We northern New Englanders drive more per capita than most other Americans, and transportation is our biggest producer of greenhouse gases. So it’s great when people find ways of getting around the Upper Valley that don’t involve driving by themselves. There are even the brave few who commute by bike through the winter. With a bit of knowledge and some gear, that person could be you! Learn how:
Many of us are still riding our bikes and e-bikes these cold dark days, because it keeps us healthy and relieves anxiety! Your bike can offer fresh air, motion, and safe social time. Here are tips to help you keep (or start!) enjoying your ride as the weather gets even colder and the days are short. Big thanks to our friends at Local Motion for the bulk of this content!
We all know how to prepare for OTHER fall and winter outdoor activities, whether it’s to shovel the driveway or go skiing or hunting—biking is no different! With just a little forethought and prep for you and your bike, you’re ready!
- Fall and winter riding is like warm weather riding but colder and darker, possibly icy, and you need to prepare for road spray
- Planning ahead and being well prepared makes winter riding easy and fun. If you’re commuting to work, give yourself extra time to wash up and change when you get to work.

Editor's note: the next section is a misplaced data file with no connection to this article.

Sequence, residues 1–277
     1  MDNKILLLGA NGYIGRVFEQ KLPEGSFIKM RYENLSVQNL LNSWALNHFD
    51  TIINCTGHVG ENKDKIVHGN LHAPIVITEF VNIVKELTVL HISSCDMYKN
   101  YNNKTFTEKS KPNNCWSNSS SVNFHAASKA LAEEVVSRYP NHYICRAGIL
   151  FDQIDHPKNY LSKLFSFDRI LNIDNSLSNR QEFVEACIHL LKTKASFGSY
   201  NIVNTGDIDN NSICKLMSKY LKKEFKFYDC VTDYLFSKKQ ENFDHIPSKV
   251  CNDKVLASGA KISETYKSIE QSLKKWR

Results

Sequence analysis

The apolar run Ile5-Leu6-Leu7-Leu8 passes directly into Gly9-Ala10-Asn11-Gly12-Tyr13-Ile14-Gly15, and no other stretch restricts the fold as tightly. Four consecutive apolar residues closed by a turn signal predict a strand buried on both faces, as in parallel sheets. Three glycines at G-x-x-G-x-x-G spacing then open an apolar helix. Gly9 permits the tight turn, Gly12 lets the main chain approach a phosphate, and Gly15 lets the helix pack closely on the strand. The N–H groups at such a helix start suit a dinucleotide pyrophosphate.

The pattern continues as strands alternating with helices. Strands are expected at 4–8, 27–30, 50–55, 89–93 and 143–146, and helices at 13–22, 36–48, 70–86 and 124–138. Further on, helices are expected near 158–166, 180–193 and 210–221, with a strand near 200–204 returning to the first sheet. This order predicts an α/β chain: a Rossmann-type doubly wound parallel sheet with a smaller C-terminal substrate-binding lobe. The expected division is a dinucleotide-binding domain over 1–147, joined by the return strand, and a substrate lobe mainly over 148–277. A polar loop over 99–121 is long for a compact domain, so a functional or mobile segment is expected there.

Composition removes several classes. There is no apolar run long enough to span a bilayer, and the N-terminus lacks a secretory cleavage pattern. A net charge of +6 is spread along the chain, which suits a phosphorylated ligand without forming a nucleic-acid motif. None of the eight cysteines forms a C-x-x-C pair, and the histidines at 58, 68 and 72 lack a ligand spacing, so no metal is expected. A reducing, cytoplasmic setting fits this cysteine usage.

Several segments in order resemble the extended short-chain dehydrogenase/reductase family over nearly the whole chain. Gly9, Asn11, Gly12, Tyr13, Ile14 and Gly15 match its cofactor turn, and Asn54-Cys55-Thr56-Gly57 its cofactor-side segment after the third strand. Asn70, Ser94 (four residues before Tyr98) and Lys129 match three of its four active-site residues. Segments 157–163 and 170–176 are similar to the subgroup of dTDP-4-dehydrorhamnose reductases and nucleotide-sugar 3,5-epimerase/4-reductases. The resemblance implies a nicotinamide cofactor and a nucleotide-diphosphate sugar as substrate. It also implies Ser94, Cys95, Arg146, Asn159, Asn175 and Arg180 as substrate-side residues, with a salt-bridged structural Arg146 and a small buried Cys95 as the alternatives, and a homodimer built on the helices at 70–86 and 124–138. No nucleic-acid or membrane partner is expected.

- Keep an eye on the weather
- Know your limits. It’s okay to bail if you’re not comfortable with the conditions
- Ease into it on a nice day. Begin slowly by extending your fall ride into early winter and beginning sooner in the spring
- Remember that there are nice riding days even in January.
- The right gear is important
Stay warm but prepare for sweat and road spray
- Layers are key
- Start your ride with a cool core. Thin layers usually will suffice, but a down or warmer jacket may be necessary for those really cold days. You warm up surprisingly fast!
- Waterproof and windproof jacket and pants keep you clean and dry, especially on days with road spray
- Be prepared for colder or wetter weather (or a flat tire) with an extra set of outerwear
- Keep your extremities warm
- Good gloves/mittens (windproof is ideal)
- Hand warmers are inexpensive and awesome (the new ones should last from your morning commute until your afternoon commute. In bulk, they’re about 50 cents per pair)
- Protect your face and head when it gets below freezing
- Clear glasses or clear lens ski goggles protect your eyes from wind
- A neck warmer or balaclava
- A bandana or thin hat under your helmet protects your ears from the wind (otherwise you get that terrible achy brain feeling!)
- At the first sign of frostbite, get inside!
Sunset rides are great, and cruising through the morning fog is a great way to start the day. But remember that the days are short right now, and if you’re riding to work, you’ll likely be commuting in twilight or darkness on one end. Help others on the road to easily see and be inspired by you!
- Have a bright front light (white) and rear light (red) and carry extra batteries